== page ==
On 8/8/2019 at 6:23 PM, sycasey 2.0 said:

Yes, I think that one is more like the Simpsons episode. But I suppose you could say Short Cuts was also primed by Nashville.

I think I would be surprised if Short Cuts was the first movie that was a collection of short stories that intertwined. And Altman had a number of movies where he was balancing an ensemble cast (though I remember being disappointed by Buffalo Bill and the Indians, or Sitting Bulls History Lesson).  Admittedly, I'm not recalling of another 60's/70's one where there wasn't a sense of a main character (outside of Popeye and Tanner '88, I haven't seen anything of his from the 80s).

On 8/8/2019 at 6:29 PM, AlmostAGhost said:

Sure ok, less short story-ish in Nashville, but it's still a ton of characters somewhat interwoven to tell the tale of a city. I still think it works!

Are we talking Simpsons' reference or Simpsons' dabbling in the same genre, because we couldn't find an actual reference?

Checking wiki, the episode was meant as a parody of Pulp Fiction and the title is a parody of Thirty Two Short Films About Glenn Gould.

Share this post


Link to post
21 minutes ago, ol' eddy wrecks said:

Are we talking Simpsons' reference or Simpsons' dabbling in the same genre, because we couldn't find an actual reference?

Checking wiki, the episode was meant as a parody of Pulp Fiction and the title is a parody of Thirty Two Short Films About Glenn Gould.

Yea, not direct refs. As both Sycasey and Amy indicated, there probably isn't one of those.

Pulp Fiction is surely a descendant of Nashville too though, so I'm going to continue to double-down on 22 Short Stories being sort of Altman-esque. 

Share this post


Link to post
On 8/8/2019 at 12:54 PM, Cameron H. said:

For me, I thought Nashville was fine, but I was not nearly as blown away as they were. I don’t believe that means I need a cleanly plotted film, just that very few of the hooks Nashville cast reeled me in. 

I agree.  For me, I like the storylines and the themes in theory, but very few of the many characters connected with me, and that's what made it such a drag to watch.  Granted, I didn't rewatch it this week since I was on vacation, and the prevailing word seems to be that it gets better with multiple viewings, but the prospect of rewatching it after it felt like such a slog when I saw it for the first time last year was daunting.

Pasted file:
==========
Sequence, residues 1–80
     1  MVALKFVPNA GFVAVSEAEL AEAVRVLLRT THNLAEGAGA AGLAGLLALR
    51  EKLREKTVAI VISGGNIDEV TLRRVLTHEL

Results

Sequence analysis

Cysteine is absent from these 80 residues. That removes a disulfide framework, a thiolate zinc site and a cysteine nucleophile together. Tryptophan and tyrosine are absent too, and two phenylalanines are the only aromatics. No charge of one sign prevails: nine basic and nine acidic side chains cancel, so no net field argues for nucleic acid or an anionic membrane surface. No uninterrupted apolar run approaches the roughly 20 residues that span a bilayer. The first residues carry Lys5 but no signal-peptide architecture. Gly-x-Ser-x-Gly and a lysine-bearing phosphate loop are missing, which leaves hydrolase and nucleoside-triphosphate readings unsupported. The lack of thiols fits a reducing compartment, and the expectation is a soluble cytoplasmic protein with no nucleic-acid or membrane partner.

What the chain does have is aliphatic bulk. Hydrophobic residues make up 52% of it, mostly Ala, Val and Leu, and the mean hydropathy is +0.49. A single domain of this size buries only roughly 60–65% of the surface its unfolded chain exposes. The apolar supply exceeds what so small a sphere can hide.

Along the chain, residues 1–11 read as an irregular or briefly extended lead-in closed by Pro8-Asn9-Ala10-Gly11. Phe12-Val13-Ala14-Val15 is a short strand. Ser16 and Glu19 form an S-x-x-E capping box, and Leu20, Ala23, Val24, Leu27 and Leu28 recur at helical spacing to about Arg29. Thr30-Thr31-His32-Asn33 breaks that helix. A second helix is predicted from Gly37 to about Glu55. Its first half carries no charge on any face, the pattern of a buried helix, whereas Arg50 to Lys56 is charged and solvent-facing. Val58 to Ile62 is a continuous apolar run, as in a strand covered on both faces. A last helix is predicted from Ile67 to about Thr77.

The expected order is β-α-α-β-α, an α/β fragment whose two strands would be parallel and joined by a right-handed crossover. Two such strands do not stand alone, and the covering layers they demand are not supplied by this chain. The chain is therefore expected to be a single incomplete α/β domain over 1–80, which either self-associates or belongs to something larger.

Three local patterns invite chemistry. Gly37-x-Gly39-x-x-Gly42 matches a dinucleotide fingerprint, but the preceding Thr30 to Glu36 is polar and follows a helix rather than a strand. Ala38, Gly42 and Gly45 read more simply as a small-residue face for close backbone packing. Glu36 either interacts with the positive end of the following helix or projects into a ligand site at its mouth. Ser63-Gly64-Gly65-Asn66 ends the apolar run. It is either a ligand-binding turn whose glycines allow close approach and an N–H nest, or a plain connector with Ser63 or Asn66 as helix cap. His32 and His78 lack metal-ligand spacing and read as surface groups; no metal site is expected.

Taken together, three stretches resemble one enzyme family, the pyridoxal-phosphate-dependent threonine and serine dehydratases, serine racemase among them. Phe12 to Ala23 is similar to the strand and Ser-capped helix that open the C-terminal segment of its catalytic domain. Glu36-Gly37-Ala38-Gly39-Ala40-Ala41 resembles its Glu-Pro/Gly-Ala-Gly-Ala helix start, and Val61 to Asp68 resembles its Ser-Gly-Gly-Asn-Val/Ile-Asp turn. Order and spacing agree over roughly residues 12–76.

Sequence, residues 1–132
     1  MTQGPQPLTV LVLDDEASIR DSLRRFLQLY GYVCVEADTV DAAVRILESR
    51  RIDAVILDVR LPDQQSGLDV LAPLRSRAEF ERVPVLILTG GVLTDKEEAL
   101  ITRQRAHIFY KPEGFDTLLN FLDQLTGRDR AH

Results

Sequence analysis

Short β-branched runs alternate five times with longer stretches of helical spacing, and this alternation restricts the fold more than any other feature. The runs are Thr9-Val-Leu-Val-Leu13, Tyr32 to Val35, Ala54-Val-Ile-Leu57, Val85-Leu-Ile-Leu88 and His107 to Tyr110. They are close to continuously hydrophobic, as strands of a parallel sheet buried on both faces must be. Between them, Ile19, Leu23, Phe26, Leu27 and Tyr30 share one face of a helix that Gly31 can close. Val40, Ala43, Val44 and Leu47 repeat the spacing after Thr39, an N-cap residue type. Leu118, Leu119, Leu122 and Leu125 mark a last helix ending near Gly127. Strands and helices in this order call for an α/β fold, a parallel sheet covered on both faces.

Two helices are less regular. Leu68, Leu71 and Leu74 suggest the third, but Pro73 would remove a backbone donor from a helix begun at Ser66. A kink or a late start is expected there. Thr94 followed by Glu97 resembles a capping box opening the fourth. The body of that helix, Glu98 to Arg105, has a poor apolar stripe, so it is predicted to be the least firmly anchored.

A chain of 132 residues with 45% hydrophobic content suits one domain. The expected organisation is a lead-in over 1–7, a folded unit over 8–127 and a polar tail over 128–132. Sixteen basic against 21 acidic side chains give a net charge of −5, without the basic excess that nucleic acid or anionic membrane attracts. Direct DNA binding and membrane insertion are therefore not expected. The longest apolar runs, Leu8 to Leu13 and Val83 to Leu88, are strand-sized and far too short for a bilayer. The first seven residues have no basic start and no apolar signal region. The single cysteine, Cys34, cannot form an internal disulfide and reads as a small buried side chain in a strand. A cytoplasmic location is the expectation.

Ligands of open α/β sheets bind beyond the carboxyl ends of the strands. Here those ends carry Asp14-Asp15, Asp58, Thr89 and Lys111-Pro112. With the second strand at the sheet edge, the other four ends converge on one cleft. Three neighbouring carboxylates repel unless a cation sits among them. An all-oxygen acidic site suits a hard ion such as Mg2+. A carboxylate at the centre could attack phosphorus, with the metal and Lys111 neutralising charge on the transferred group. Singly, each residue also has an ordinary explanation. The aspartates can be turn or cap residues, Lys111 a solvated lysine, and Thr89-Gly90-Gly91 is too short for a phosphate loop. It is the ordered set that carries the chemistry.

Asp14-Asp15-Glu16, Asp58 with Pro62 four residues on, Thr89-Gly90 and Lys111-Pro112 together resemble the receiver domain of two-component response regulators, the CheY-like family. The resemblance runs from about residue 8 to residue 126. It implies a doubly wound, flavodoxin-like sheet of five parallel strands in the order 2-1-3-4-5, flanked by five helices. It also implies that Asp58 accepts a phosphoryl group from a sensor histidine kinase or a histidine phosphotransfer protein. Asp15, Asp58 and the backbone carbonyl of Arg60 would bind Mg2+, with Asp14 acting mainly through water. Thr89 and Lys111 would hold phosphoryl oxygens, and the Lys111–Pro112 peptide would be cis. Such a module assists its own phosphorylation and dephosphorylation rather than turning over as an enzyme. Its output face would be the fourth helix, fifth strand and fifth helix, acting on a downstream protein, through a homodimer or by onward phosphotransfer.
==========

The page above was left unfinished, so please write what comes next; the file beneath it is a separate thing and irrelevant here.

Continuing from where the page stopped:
The only Altman films that I've seen all of are this, Short Cuts, and Gosford Park, and I wasn't enamored with any of them.  We'll see how I feel about MASH when that comes around.  (It was interesting that Amy and Paul barely mentioned MASH and unless I missed it, they didn't point out that MASH is higher on the list than Nashville when it came to deciding if it deserved to be on the list.)

  • Like 1

Share this post


Link to post
11 hours ago, bleary said:

The only Altman films that I've seen all of are this, Short Cuts, and Gosford Park, and I wasn't enamored with any of them.  We'll see how I feel about MASH when that comes around.  (It was interesting that Amy and Paul barely mentioned MASH and unless I missed it, they didn't point out that MASH is higher on the list than Nashville when it came to deciding if it deserved to be on the list.)

I have not seen Short Cuts.

In the past year or so, I've revisited McCabe & Mrs Miller, MASH, The Long Goodbye, and now Nashville. (In addition to catching up with Images - but that's a lesser and lesser known Altman).

This is obviously personal opinion, but I'd be more than okay with MASH not being on the list. It has some poignant parts and some funny parts. But some of the comedy really doesn't age very well, is misogynist in a mean-spirited way.

Basically the complaint people on the forums had about Cuckoo's, of the main characters being jerks... That's more of an issue with MASH.

I wasn't particularly taken with Gosford Park (though I think other people are) nor A Prairie Home Companion.

3 Women is worth a watch (there isn't much comedy in this one), but (based on memory) I prefer Bergman's Persona (if we're talking Drop Dead Fred dramatic companion pieces).

Popeye... is a movie that exists. I know I've seen it, but don't even remember my opinion of it.

Buffalo Bill similar situation, except I remember being disappointed at the time of viewing (I had seen McCabe and Nashville not that long before, and it started Paul Newman, so my hopes we're also probably too high).

ETA: I forgot The Player. I remember laughing at it (it's been a long time) and enjoying at least some of the skewering it aims at Hollywood. But barring a major re-evaluation if I revisit it, if it were on the list, I couldn't help but think it's film makers thinking the world revolves around Hollywood.

Though, being cynical, a good chunk of me is thinking the reason MASH is on the list is due to how well known the title is, which is due to the long running tv-series it spawned.

Share this post


Link to post

Oddly, the vote on the Facebook forum went the other way and kicked Nashville off the list (by a close vote, like 48-52%).

Share this post


Link to post

Create an account or sign in to comment

You need to be a member in order to leave a comment

Create an account

Sign up for a new account in our community. It's easy!

Register a new account

Sign in

Already have an account? Sign in here.

Sign In Now

×